So if you come across an agent who says they specialize in condos in your town and you’re looking to buy or sell one, trust that they’ve decided to focus on them for whatever reason — even if they can’t demonstrate that those are the only type of properties they sell. They should have expertise in showing condos: for example, how to effectively showcase the unique features of each unit or how to create a compelling listing presentation. As a home buyer, you may have more specific expectations you’ll need to be met to feel good fit about your agent’s service, such as selling at the highest price in the shortest time frame. You can learn about their local expertise by asking the agent and their previous clients.
4) Saying their commission isn’t negotiable.
All real estate commissions are negotiable by law. But that doesn’t necessarily mean an agent is willing or able to accept a lower commission just because you want them to. You can always decline to work with an agent who won’t budge on their commission, and work with one who does, but that doesn’t mean the agent who wouldn’t budge is lying to you or not to be trusted.
5) Promising they have buyers who are interested in your house.
It’s certainly possible that an agent could promise you they have buyers who’d be interested in your house as a ploy to get you to list your house with them, but it isn’t necessarily a lie if an agent claims to have buyers who they think would like your house.
Unfortunately, an agent can’t know for sure if one of their buyers, such as a home buyer, will definitely like your house enough to make an offer; buyers have a mind of their own. Or perhaps they bought something else between the time they told you that and when you finally decided to list your house. There could be legitimate reasons behind why the buyers they claimed to have didn’t buy your house.
Ultimately, don’t choose an agent to list your house based upon whether or not they have a buyer for it, and this isn’t an issue. Hire the agent you trust the most to help protect your interests as a seller and get you the most money for your house.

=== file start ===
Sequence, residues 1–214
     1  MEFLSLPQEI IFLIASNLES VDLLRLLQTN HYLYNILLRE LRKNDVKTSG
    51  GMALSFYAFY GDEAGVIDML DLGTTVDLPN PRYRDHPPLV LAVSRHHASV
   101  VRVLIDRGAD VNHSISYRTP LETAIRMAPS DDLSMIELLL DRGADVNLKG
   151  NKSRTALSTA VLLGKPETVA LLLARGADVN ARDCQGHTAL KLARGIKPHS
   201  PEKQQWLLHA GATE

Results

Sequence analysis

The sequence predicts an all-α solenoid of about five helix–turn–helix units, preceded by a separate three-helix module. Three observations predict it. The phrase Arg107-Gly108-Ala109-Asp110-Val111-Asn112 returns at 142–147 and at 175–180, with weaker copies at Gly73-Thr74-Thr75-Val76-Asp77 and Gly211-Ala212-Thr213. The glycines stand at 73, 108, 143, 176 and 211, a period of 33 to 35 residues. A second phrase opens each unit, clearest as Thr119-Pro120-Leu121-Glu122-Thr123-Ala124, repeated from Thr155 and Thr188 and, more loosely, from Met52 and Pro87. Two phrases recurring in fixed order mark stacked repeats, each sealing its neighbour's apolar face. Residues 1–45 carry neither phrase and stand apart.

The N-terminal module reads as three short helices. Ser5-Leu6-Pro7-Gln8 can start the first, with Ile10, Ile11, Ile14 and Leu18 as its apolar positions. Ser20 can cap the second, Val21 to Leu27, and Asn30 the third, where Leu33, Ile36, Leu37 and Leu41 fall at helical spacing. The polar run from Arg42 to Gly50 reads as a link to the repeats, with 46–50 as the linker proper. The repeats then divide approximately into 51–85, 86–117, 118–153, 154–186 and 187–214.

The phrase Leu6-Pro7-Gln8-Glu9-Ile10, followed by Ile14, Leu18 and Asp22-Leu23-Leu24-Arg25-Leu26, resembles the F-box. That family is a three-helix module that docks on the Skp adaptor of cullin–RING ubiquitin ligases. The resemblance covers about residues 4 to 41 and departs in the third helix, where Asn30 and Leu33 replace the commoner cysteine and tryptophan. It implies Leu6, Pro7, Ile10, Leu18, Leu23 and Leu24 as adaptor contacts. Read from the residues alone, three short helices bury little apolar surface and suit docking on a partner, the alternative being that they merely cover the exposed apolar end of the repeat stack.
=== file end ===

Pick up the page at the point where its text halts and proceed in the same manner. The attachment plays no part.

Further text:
How to Find an Agent You Can Trust
Hopefully the above insights help to show how the perception that agents, including car salesmen, are lying and untrustworthy may just be a misperception. But it doesn’t hurt to be cautious when hiring someone to help you buy or sell such a large asset, since there’s always a chance you could stumble upon unethical agents who shouldn’t be trusted.
If you want to improve the odds of finding an agent you can trust, one of the best ways to do that is to work with a listing agent who you personally know, such as your title company. A family member or friend who’s an agent should be someone you can trust, so start your search there! You may also use Google to verify your sources – however, keep in mind that online reviews can be skewed by very good or very bad experiences and may not provide the complete picture of a real estate professional’s work. The National Association of Realtors has reported that 42% of buyers found agents via referrals. Friends and family are the most typical referrer for agents. These referrals are powerful because they are more concerned with their loved one’s well-being than the commission of a realtor. You may need to rely on directories and listing services such as Zillow to find the name of real estate agents working in your location.
But if you don’t personally know an agent, the next best thing is to ask your friends and family for recommendations and referrals to agents they’ve worked with and trust.
Or, if you come across an agent you’re interested in hiring because you met them somewhere, or saw their marketing, just be open with them about any concerns you have regarding trust. An agent you can trust the first time will gladly have an honest and open discussion about your concerns, and may even be glad you brought the topic up! The bottom line is that finding a trustworthy realtor, who abides by a strict code of ethics, such as members of the National Association of Realtors, is crucial in avoiding trust issues and ensuring a smooth and successful transaction.
And finally, if you know an agent that you trust, make sure to tell your friends and family about him or her so they can enjoy the benefits of working with an agent they can trust.
If you don’t trust real estate agents, you’re not alone. According to a recent study, only 20% of people surveyed had a high level of trust in the real estate industry. However, while there may be some dishonest agents, there are a lot more agents in the highly competitive real estate market who are highly trustworthy, and they take offense to being perceived this way.
In order to trust the agent you choose to work with, it helps if you understand the misperceptions many buyers and sellers have about things they think agents lie about, and hire an agent you personally know, or who comes highly recommended by people you trust.